Don’t Look Down

 

Fear is a bad thing right? We tell children not to be afraid of the various things we know won’t hurt them, the dark or monsters under their beds. As adults we try to rid ourselves of fear like the fear of public speaking or the fear of failure. Some of us are afraid of spiders and other creepy crawlers, while others are afraid of heights, which is a fear of mine. You probably can’t tell from this picture however.

Climbing higherFear has its place as an important emotion, a reaction that can save us from a bad situation or from doing something stupid. Being confronted by a robber, fear is a natural response which heightens our senses so we can react fast enough to avoid a tragedy. The term healthy fear indicates that, in moderation, fear is good for us.

I often feel limited by my fear of heights as my wife Julie is able to walk to the edge of a cliff and see what I can’t because I’m standing twenty feet behind her, my knees weak. With enough time and a gradual increase in comfort, I’m able to get past the fear and do things like you see in the picture to the left. Believe it or not, however that is relatively simple compared to what I faced in the picture to the right.

I enjoy hiking and climbing, I don’t believe in obstacles and want to be able to go through or over them to discover new things, see new sights. I want to remove limits, especially self imposed limits. That’s why I’m up there climbing that sheer cliff, to face my fear (for any climbers out there that was only a 5.2 climb – for non-climbers that simple, relatively speaking).

Our climbing instructor, Robert, was great and understood the role fear plays as we challenged ourselves to push past the anxiety. “You can’t overcome fear,” said Robert, “you can only manage it.” And that’s when it struck me, the word manage is so crucial to everything we do. There is very little we can control but we can manage quite a bit.

As I climbed higher and higher, with only the slightest of footholds, the fear was there. I wanted to quit, to be lowered down by my belay partner, and wife, Julie, who had my life in her hands, but I pressed on. It reminds me of a story my father told me about the first time he ever water-skied, “I was too afraid to fall, so I didn’t” he said. I can completely relate to that now.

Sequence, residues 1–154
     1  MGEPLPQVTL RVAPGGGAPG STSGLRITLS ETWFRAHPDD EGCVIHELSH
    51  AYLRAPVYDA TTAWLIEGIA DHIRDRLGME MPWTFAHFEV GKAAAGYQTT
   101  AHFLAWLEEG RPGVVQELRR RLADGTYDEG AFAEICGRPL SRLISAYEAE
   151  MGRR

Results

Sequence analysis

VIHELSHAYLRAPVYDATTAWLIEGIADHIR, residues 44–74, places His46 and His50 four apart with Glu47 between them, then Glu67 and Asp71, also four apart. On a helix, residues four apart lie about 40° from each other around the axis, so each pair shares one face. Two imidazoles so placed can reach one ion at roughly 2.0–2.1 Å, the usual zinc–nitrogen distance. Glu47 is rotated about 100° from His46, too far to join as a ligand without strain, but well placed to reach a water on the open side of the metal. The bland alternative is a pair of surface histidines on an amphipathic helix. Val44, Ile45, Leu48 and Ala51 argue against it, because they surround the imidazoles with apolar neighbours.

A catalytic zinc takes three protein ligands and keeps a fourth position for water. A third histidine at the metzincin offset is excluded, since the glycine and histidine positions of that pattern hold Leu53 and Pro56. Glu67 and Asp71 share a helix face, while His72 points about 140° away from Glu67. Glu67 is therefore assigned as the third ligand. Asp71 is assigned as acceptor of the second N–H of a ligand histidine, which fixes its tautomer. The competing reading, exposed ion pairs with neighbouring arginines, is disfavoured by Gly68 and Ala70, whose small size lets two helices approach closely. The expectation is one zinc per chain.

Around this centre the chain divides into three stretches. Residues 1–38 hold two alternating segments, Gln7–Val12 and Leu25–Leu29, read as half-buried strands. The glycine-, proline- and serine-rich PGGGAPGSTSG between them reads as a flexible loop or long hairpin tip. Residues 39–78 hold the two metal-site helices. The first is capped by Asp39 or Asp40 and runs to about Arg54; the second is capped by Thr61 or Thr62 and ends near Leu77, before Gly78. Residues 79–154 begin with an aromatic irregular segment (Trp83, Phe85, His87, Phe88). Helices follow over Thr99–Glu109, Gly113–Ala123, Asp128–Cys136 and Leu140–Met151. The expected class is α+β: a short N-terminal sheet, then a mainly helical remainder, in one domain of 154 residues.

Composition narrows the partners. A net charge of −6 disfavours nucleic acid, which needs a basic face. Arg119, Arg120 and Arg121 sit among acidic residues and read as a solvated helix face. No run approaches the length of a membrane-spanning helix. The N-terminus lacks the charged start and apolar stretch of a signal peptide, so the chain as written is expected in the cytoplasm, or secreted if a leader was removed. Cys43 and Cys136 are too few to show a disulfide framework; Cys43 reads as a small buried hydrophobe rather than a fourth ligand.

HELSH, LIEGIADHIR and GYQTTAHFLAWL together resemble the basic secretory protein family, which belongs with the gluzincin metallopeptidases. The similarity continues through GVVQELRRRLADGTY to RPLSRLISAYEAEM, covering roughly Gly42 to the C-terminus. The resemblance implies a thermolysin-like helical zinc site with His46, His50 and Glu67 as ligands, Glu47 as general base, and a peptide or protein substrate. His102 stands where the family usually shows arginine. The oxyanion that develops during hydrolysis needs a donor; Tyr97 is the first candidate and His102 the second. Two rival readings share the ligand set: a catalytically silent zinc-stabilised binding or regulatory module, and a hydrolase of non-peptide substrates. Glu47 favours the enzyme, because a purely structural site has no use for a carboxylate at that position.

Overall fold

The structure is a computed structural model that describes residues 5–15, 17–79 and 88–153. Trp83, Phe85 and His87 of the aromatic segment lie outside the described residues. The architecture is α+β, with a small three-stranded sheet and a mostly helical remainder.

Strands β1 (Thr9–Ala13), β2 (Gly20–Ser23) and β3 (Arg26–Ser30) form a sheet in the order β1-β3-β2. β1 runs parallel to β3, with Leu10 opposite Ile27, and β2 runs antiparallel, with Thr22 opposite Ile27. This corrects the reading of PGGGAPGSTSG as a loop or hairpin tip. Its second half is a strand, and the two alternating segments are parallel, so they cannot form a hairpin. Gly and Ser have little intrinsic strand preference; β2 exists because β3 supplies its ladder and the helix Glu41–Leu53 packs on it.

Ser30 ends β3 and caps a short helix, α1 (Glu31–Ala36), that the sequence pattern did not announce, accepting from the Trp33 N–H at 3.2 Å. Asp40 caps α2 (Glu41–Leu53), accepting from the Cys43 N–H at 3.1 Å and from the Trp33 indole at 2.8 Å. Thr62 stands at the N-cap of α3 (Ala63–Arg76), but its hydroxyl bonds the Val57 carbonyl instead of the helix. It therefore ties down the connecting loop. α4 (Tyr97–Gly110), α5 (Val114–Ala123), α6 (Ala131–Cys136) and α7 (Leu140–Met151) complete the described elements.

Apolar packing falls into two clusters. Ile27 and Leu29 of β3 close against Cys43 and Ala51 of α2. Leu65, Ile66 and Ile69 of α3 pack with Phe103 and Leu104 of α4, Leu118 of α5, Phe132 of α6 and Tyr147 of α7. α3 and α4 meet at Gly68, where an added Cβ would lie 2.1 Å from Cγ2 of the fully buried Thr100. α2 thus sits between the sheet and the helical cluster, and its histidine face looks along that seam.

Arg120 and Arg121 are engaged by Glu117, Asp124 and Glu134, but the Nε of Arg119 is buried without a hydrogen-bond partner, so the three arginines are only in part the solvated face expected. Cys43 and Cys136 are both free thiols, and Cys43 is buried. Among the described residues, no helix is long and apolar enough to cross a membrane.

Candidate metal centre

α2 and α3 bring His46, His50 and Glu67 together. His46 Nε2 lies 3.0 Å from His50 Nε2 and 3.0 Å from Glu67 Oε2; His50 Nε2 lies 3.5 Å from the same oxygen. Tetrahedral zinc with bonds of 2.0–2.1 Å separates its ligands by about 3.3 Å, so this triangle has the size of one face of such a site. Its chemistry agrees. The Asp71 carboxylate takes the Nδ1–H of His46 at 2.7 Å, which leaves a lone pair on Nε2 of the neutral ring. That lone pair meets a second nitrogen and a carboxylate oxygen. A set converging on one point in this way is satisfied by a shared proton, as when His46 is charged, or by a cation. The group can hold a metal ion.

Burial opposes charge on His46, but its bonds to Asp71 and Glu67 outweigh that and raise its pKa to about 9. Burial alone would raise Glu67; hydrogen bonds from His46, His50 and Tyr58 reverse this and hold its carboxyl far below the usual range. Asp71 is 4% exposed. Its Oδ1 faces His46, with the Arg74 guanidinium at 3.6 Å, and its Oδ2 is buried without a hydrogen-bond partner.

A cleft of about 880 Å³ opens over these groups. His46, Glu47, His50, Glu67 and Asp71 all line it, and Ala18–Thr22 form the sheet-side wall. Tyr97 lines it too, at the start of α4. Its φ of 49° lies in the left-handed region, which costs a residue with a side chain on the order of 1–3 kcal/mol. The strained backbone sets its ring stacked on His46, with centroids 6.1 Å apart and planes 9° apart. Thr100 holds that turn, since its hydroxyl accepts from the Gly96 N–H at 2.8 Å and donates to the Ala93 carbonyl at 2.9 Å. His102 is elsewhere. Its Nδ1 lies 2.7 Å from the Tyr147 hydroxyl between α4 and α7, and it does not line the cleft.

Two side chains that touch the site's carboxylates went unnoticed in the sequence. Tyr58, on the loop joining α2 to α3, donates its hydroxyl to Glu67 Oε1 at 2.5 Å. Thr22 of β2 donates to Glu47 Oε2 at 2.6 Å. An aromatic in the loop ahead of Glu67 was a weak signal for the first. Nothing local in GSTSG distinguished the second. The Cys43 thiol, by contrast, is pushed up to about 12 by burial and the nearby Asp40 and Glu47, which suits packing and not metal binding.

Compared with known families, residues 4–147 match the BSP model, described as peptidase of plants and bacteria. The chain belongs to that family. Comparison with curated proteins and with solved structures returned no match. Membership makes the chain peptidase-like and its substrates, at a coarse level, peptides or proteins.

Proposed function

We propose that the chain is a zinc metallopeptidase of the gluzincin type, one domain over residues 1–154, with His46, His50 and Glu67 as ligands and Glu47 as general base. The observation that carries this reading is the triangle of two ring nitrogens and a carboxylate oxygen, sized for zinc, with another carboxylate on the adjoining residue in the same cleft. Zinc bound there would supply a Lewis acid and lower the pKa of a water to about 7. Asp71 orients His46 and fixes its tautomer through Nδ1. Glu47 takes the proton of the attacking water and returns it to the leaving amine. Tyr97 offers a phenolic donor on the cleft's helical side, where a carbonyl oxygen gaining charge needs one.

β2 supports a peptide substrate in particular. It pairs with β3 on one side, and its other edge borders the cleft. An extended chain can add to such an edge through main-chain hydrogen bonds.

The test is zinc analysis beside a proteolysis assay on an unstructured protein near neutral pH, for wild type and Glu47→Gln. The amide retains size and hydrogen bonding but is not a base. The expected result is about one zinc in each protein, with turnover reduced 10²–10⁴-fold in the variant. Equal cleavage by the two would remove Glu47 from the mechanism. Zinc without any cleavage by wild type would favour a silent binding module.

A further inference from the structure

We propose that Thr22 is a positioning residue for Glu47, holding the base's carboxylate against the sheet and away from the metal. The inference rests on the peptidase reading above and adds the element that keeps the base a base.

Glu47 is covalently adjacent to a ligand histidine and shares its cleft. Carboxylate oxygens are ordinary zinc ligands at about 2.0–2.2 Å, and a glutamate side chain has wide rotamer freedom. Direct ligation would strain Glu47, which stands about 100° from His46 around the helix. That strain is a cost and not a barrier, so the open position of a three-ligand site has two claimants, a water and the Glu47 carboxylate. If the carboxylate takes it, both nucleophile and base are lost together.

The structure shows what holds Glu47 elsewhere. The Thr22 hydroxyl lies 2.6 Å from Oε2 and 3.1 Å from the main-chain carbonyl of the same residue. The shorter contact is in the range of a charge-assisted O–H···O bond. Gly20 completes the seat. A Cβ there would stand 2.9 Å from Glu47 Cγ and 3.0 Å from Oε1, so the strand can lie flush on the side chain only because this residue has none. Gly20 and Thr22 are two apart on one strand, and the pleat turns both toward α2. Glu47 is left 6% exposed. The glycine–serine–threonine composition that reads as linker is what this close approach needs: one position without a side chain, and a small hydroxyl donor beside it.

I was successful on that climb at managing my fear. On the second climb however I was not as good a manager and psyched myself out, opting to quit half way up. One step forward, one back. Next time, and that’s part of managing your fear, next time, I took two steps forward.

What fear are you willing to face so that you can learn to manage it?


Posted in General, Outdoors, Success, Taking Action and tagged , , , , by with 3 comments.

Comments

  • I am with you on the fear of heights. It’s about managing ourselves and keeping the perspectives we have about our fears. We hold ourselves back from what we wish to accomplish because we take ourselves out of the game because we feel that we cannot fail. Healthy fear is being in a situation where there is a risk of death – it’s normal to have that fear of falling, but if we challenge ourselves, know the risk ahead of time and have preparation to be able to perform the task we can take the risk calculated and perform the task with ease.

    • AJ says:

      You are so right Jen about preparation turning a risk into a calculated risk. There is a huge difference there. Risk is foolish, calculated risk is thoughtful and takes steps to minimize danger. And yeah heights are still scary!

  • TRUST. AJ, I believe so much of learning to use the fear is based on trust. Trust in what you know, what you’ve learned, your Team (Most often my Team is my horse) and the ultimate trust in what you know is right.

    There is no one I trust more to lead the way across our river, than myself. First, I’ve had all the experiences one can have out there and survive (well, I haven’t died yet) ~ I know what is there, what it can do and what it feels like. I also know I wont give up or panic if something goes very wrong. Second, our guests and clients need to cross it- safely and confidently… I know that I can do that, lead them the onto and through the safest path. They do NOT need to know that I am sick to my stomach and that I wouldn’t be able to stand (my knees shaking)… they see me smile and hear my steady voice.

    It’s nice to know that you, being afraid of heights and rock climbing, understand exactly what it takes to do and experience the wonderful and indescribable.

Leave a Reply

Your email address will not be published. Required fields are marked *